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Saturday, October 22, 2016

New Phillips/Shephard TMAU & FMO3 overview paper

Profs Ian Phillips & Elizabeth Shephard 
New TMAU-TMA-TMAO-FMO3 overview paper by Prof Phillips, Shephard (and Fennema).
Good overview for health professionals and the public.
Possibly no new info.

Prof Phillips and Shephard of London are probably at this time the most prominent all-round 'experts' on FMO3 and TMAU in humans. Whilst their knowledge is great, perhaps this is partly as there are so few FMO3 experts and so little interest in FMO3, especially it seems at this time (apart from the TMAO - cardiovascular disease theory).

Occasionally they tend to publish overviews of TMAU and FMO3. Perhaps with a student as a project ? (in this case Fennema ?)

Here is their latest TMAU-FMO3 overview in full :
TMAU and FMO3 overview 2016

Quotes from the paper :

On the FMO family of enzymes :
Flavin-containing monooxygenases (FMOs) catalyze the NADPH-dependent oxidative metabolism of a wide array of foreign chemicals, including drugs, dietary-derived compounds, and environmental pollutants. Humans possess five functional FMO genes: FMO1, 2, 3, 4, and 5. The main site of expression of FMO3 is the liver.

On FMO3 :
The importance of FMO3 in detoxification and bioactivation of xenobiotics has recently been reviewed. The FMO3 gene is highly polymorphic and genetic variants that are common in the general population are known to influence drug metabolism.

On FMO3 and TMA :
Of the five functional FMOs of humans (FMOs 1–5), only FMO3 effectively catalyzes the conversion of TMA to TMAO

On recent interest in TMAO :
Recently, there has been much interest in FMO3 and its catalytic product TMAO. This is because TMAO has been implicated in various conditions affecting health, including cardiovascular disease, reverse cholesterol transport, and glucose and lipid homeostasis.

Carnitine and TMA :
Gut bacteria are thought to cleave the 3-hydroperoxybutyryl moiety from L-carnitine to produce TMA 

Typical TMA diet levels in humans :
Individuals who consume a ‘typical’ Western diet will produce, via the action of gut bacteria, about 50 mg of TMA/day, most of which (∼95%) is converted to TMAO, which is excreted in the urine.

On DNA faults in FMO3 gene promoter region (not tested in DNA test) :
Polymorphic promoter-region variants of the FMO3 gene have been identified that severely reduce transcription in vitro, whereas others increase transcription but the impact of these variants on expression of FMO3 in vivo has not been validated.

On TMAO and proposed connection with diseases :
Recently, TMAO has been implicated in a number of disease states as a cause, consequence, or biomarker of the disease. It has been suggested that an increase in the plasma concentration of TMAO, as a consequence of production of TMA from dietary supplements of choline, carnitine, or TMAO by gut bacteria and its subsequent oxygenation by FMO3 in the liver, increases the risk of cardiovascular disease. TMAO has also been implicated in chronic kidney disease, colorectal cancer, and in impaired glucose tolerance in mice fed a high-fat diet and a TMAO supplement; however, lower plasma concentrations of TMAO have been associated with inflammatory bowel disease and with active versus inactive ulcerative colitis.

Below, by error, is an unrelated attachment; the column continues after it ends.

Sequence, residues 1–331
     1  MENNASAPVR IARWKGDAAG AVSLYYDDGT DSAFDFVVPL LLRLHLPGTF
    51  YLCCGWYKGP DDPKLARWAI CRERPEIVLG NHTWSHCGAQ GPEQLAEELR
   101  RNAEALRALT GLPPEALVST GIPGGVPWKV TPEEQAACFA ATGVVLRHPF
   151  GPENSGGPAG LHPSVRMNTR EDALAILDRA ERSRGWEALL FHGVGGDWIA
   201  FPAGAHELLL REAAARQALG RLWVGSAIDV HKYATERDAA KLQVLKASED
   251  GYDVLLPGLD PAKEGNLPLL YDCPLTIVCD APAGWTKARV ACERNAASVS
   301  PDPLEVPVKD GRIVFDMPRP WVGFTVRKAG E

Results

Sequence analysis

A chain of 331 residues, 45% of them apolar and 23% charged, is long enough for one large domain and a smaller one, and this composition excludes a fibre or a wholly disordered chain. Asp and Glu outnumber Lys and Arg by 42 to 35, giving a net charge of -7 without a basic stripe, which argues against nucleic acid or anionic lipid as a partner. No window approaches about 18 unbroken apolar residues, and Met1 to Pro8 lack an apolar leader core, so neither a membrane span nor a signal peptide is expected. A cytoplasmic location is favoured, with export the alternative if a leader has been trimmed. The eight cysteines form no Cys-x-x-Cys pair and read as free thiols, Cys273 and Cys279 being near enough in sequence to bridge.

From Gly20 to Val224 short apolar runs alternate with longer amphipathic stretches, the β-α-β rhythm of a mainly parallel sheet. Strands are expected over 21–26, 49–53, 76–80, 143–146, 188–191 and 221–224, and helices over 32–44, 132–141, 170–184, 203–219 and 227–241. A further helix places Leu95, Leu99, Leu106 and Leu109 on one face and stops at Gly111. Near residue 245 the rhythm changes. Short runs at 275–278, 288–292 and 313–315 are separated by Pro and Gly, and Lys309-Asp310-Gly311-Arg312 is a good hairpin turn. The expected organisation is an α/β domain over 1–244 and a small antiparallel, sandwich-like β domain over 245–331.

On TMAO causing CVD and other diseases :
The implication that TMAO itself is a causative factor for cardiovascular and other diseases is controversial.

On TMAO as a possible biomarker in diseases :
An alternative explanation for high levels of TMAO associated with cardiovascular disease is that the concentrations are indicative of dysfunction(s) elsewhere and that TMAO is not the mediator but is merely a marker of the disease.

On TMA-producing bacteria :
Although TMA-producing species are widely distributed across bacterial phyla, they are more common in Firmicutes and relatively scarce in Bacteriodetes (Table 1). Consequently, decreasing the ratio of Firmicutes to Bacteriodetes would be expected to reduce production of TMA from dietary precursors. A low ratio of Firmicutes to Bacteriodetes is associated with a healthy microbiome (Ley et al., 2006); thus, such alteration of the gut microbiome would promote general health as well as aiding in the management of TMAU.

On TMA in the gut flora, and blockers etc :
One approach to altering the composition of the gut microbiome is exogenous supplementation with beneficial species (probiotics); however, a recent study found that the multistrain probiotic VSL#3 had no effect on the increase in plasma concentration of TMAO in individuals fed a high-fat diet (Boutagy et al., 2015). Another proposal is the therapeutic use of methylotrophic strains of archaea (archaebiotics) that use TMA as an energy source (Brugère et al., 2014), although this has yet to be tried.

A further possibility is the selective inhibition of bacterial enzymes that catalyze reactions involved in the production of TMA. Candidates are TMA reductase, CutC, and CntAB, which respectively catalyze TMA production from TMAO, choline and carnitine (Fig. 1). For instance, 3,3-dimethyl-1-butanol, a structural analog of choline, inhibits microbial CutC and reduces the plasma concentration of TMAO in mice fed diets rich in choline or carnitine (Wang et al., 2015); however, most of the choline eaten by humans is in the form of lecithin, which is not a good dietary source of TMA (Zhang et al., 1999); thus, the efficacy of the inhibitor for reducing TMA production in human gut is unclear.

On TMA in gut flora :
Bacteria from several phyla produce TMA from dietary precursors but are more common in Firmicutes and scarce in Bacteriodetes.

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